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Towards the Classification of Algorithmic Skeletons

Duncan K. G. Campbell

Department of Computer Science,

University of York

December 3, 1996


Algorithmic skeletons are seen as being high-level, parallel programming language constructs encapsulating the expression of parallelism, communication, synchronisation, embedding, and costing. This report examines the classification of algorithmic skeletons, proposing one classification, and examining others which have been devised. Various algorithmic skeletons are examined, and these are categorised to form a core of algorithmic skeletons suitable for a general classification which is based on practical experience in the use of such skeletons. This categorisation is compared with others which have been proposed. Similarly, other skeleton-like approaches are briefly examined.

1 Introduction

1.1 Algorithmic Skeletons

Algorithmic skeletons are envisaged as high-level, parallel programming language constructs encapsulating the expression of parallelism, communication, synchronisation and embedding, and having an associated cost complexity. Skeletons are to parallel threads as sequential looping constructs are to goto and label [BdRP93] providing structured expression of certain algorithmic forms. So algorithmic skeletons can help reduce parallel programming errors as part of a concurrency toolbox" with which programmers can construct the abstraction required to solve their problems.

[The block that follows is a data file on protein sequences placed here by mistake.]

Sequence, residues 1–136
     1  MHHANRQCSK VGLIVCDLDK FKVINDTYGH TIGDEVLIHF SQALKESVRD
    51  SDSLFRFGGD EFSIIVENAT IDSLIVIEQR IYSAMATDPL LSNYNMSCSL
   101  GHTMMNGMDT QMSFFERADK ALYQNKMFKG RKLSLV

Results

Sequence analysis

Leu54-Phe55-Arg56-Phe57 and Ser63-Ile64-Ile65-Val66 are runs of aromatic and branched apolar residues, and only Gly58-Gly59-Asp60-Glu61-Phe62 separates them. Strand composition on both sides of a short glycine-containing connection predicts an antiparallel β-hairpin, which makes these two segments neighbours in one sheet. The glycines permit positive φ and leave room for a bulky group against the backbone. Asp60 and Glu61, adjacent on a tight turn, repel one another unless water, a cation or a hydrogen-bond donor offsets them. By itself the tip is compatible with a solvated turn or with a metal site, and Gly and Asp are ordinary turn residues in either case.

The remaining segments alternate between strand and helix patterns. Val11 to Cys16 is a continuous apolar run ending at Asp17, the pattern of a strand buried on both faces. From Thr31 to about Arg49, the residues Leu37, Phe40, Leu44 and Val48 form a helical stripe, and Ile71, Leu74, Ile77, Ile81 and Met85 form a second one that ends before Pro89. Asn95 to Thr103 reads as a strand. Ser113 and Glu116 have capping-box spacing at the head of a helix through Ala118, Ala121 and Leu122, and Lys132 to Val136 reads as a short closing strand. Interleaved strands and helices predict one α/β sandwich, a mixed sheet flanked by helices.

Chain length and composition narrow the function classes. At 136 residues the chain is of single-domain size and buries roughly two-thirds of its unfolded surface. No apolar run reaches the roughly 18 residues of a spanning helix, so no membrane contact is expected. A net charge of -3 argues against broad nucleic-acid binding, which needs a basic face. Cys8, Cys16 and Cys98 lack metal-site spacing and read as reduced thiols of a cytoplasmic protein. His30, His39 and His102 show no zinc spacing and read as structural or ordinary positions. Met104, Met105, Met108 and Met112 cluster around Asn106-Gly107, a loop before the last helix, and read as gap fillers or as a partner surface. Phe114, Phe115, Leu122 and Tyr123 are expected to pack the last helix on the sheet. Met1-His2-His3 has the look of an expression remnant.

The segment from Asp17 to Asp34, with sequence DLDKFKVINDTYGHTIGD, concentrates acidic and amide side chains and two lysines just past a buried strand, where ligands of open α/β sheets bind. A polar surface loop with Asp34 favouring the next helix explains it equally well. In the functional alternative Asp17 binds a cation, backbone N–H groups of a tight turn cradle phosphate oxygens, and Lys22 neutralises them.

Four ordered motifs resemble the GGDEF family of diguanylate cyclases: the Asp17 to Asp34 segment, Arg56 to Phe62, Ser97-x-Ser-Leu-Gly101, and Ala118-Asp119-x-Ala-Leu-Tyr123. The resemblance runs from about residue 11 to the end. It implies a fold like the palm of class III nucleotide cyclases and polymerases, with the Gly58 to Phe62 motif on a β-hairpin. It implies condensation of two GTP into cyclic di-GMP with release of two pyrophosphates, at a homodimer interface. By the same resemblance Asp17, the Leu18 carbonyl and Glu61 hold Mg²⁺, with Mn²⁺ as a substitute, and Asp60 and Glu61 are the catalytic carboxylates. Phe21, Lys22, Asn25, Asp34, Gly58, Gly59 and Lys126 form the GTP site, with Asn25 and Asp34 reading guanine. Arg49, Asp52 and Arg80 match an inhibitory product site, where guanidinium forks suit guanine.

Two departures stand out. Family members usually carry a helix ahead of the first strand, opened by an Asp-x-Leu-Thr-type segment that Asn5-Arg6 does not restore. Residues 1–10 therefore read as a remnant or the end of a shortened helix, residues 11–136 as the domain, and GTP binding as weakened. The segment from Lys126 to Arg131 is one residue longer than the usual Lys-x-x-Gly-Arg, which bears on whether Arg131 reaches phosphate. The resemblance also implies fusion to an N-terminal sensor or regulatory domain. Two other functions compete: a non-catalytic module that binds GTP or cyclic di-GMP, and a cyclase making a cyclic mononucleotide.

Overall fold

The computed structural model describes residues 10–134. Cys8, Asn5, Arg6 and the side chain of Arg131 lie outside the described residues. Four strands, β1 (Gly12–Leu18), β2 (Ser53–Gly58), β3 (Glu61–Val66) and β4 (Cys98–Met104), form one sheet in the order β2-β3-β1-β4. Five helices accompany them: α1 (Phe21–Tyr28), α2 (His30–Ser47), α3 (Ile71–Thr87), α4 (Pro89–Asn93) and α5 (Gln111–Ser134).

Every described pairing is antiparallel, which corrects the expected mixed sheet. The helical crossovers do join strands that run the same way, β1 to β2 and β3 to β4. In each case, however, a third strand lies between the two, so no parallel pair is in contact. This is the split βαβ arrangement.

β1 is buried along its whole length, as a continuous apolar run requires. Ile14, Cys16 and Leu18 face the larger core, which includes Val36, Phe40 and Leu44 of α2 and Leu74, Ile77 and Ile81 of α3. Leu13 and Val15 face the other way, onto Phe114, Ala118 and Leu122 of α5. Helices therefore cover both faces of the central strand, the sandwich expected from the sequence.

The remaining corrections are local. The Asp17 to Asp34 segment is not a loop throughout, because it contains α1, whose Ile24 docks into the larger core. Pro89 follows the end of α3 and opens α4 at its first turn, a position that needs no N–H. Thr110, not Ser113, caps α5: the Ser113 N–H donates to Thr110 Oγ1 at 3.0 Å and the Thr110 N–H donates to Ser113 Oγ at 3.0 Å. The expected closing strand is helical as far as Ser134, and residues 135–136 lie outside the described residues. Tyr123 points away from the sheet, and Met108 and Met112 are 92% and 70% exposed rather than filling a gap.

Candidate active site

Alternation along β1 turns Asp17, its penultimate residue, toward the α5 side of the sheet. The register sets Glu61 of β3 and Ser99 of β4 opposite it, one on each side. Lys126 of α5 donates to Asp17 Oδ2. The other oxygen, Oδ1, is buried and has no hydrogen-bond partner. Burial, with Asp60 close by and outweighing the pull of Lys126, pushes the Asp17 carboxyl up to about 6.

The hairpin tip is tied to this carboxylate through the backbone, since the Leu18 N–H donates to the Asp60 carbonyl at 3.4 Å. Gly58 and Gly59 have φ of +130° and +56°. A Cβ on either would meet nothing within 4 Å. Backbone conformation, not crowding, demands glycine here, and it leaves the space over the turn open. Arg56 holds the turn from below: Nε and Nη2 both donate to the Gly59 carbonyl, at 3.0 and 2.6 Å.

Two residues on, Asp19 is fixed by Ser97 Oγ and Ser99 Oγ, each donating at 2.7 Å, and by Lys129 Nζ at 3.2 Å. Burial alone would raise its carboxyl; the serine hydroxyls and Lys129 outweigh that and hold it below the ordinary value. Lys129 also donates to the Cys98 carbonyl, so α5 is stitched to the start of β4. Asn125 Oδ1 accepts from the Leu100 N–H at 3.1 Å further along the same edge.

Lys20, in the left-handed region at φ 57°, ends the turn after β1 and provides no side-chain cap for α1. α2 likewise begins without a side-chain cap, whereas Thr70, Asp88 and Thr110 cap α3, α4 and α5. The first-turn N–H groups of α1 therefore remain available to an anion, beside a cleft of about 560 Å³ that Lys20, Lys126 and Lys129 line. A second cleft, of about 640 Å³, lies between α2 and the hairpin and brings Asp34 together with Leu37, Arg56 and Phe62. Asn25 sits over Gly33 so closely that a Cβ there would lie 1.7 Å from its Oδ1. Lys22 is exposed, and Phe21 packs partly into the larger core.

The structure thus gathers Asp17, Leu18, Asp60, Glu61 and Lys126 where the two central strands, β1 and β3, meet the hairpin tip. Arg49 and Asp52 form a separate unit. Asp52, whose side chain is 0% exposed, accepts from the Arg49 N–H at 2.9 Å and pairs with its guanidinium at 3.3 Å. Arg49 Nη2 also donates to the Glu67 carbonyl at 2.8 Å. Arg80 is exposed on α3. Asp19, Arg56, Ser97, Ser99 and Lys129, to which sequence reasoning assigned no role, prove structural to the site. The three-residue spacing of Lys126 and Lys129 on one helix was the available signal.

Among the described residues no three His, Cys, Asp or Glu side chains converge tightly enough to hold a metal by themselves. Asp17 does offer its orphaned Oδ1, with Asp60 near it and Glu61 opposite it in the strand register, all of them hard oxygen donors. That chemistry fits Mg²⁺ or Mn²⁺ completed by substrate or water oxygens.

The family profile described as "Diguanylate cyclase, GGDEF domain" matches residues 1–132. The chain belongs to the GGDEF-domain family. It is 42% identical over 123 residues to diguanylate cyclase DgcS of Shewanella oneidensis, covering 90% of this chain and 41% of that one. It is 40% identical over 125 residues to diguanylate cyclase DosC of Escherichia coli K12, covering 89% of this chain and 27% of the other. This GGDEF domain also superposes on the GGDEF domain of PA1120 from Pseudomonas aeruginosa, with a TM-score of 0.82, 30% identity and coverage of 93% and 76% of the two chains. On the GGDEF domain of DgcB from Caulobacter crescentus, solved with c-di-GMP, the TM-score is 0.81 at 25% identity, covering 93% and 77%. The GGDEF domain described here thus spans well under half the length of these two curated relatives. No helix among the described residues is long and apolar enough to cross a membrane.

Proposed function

Indeed, the requirement for algorithmic skeletons has been long known. In 1978 Backus [Bac78] called for programming languages to be designed from a fixed set of high-level constructions capturing common computation patterns.

These constructs are necessary because parallel programming is more complex than serial programming due to the greater degrees of freedom involved. Serial programming involves only a single thread of computation at any one time, while parallel programming involves multiple threads of computation which also need to communicate and synchronise with each other. This complexity is increased with massively parallel processing, which increases the number of threads executing concurrently and needing to communicate and synchronise with each other.

Furthermore, algorithmic skeletons correspond to the programming level in terms of McColl's classification of models of parallel computation [McC93], as they provide a notation for the precise, high-level description of correct and efficient methods for the solutions of computational problems.

1.2 Overview

A survey of several example skeletons is presented in Section 2. This is then summarised in Section 3, where the basis for a general classification of algorithmic skeletons is presented